We arrived early, Laugharne was still asleep.
Having not had breakfast, with both of us famished
we found a café with no proper menu and
I ordered a plate of rarebit, the real stuff,
to impress my Welsh son-in-law
and sent him photographic proof.
After food, sated, we skirted the castle ruins
and strolled the tide path to the boathouse
foolishly taking the vertiginous steps
and not the scenic village route
which would have been much easier.
With a sweep of superlative syllables
the Tâf estuary deftly carried our breath away
on a broadly curved brushstroke of an ebb tide.
I mistook a sea otter for a seal, but
Anna put me right with better eyes
as transfixed, we watched it flail
a broken kelp stalk like a cudgel,
making elaborate dives and swirls,
breaking cover like a large black button,
its brief flourishes an unexpected treat.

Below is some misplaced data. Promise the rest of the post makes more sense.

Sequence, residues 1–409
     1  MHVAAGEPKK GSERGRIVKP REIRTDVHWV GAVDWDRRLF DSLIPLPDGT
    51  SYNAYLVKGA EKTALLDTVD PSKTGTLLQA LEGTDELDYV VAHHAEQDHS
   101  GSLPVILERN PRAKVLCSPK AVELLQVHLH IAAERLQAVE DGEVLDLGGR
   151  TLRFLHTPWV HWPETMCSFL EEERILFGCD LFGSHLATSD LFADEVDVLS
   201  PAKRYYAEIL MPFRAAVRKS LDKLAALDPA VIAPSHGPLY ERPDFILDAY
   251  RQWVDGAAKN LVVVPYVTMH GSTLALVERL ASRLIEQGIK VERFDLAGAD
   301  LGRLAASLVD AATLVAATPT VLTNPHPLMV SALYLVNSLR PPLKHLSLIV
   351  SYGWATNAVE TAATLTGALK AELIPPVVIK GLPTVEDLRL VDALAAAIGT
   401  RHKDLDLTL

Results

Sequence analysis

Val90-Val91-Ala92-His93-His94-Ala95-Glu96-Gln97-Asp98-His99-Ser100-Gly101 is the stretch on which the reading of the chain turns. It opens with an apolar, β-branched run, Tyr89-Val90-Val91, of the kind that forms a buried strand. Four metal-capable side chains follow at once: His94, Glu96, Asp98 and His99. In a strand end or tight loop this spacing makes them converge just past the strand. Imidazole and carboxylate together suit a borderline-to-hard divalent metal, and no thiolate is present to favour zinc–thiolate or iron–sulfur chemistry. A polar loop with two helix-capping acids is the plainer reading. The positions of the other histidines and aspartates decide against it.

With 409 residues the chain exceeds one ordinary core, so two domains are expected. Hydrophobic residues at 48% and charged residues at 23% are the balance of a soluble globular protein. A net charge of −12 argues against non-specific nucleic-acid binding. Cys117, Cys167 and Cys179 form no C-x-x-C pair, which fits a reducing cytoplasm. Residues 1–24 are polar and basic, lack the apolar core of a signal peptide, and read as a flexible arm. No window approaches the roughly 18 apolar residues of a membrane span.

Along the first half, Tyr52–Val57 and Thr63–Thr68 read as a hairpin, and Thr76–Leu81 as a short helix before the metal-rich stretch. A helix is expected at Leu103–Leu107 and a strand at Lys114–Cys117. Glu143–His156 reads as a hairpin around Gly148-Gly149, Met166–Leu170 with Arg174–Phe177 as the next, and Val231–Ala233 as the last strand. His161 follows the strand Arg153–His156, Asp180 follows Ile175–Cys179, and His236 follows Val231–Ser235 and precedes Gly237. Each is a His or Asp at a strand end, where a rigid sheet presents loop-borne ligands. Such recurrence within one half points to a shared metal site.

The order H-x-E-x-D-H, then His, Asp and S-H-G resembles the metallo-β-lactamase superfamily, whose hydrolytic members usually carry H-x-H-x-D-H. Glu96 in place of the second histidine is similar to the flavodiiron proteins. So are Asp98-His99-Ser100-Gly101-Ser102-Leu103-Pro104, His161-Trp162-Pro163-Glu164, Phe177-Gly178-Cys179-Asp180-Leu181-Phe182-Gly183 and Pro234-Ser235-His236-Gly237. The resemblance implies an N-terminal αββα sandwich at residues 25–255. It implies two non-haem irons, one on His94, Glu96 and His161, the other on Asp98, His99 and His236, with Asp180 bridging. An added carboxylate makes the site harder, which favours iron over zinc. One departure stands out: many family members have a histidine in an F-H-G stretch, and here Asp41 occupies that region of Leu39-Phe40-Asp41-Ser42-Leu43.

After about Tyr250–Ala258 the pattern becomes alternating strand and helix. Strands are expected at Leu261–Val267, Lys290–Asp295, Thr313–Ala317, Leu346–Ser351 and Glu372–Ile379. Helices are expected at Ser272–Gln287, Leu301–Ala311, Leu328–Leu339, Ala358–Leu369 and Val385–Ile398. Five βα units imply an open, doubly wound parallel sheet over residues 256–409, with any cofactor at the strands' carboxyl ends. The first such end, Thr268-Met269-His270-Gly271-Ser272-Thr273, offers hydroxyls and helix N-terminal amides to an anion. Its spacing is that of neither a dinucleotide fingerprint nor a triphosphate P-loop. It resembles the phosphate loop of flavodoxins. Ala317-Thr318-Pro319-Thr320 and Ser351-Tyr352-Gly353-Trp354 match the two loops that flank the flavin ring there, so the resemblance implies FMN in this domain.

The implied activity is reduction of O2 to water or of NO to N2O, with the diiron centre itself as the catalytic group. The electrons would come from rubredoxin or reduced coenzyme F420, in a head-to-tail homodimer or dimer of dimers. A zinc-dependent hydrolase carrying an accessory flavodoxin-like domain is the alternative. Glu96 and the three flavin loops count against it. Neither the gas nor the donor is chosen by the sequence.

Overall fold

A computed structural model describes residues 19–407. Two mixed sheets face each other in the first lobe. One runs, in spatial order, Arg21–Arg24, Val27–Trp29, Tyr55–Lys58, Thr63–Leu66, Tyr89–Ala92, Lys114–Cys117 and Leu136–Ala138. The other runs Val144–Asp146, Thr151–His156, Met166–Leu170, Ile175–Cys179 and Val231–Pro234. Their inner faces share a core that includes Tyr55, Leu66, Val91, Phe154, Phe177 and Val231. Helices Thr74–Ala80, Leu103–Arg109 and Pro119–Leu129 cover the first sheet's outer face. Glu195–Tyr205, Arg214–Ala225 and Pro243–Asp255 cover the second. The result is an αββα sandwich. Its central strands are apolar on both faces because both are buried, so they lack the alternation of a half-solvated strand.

The morning heat had already roasted
the timbers of Dylan’s writing shed,
I peered through its pane like an urchin
sent in search of an errant father
down the pub, finding nothing
more than his discarded jacket
haphazardly robing an empty chair.
Before leaving I bought a well-carved owl
and a tiny wooden mouse,
hoping it would go down well with Bea
as our gift for stealing away for a few days.
Over iced cream, we listened
to the opening stanzas of Under Milk Wood
from a talking book in the car,
Burton’s sonorous tone spreading rich as honey.
© Graham R Sherwood 06/22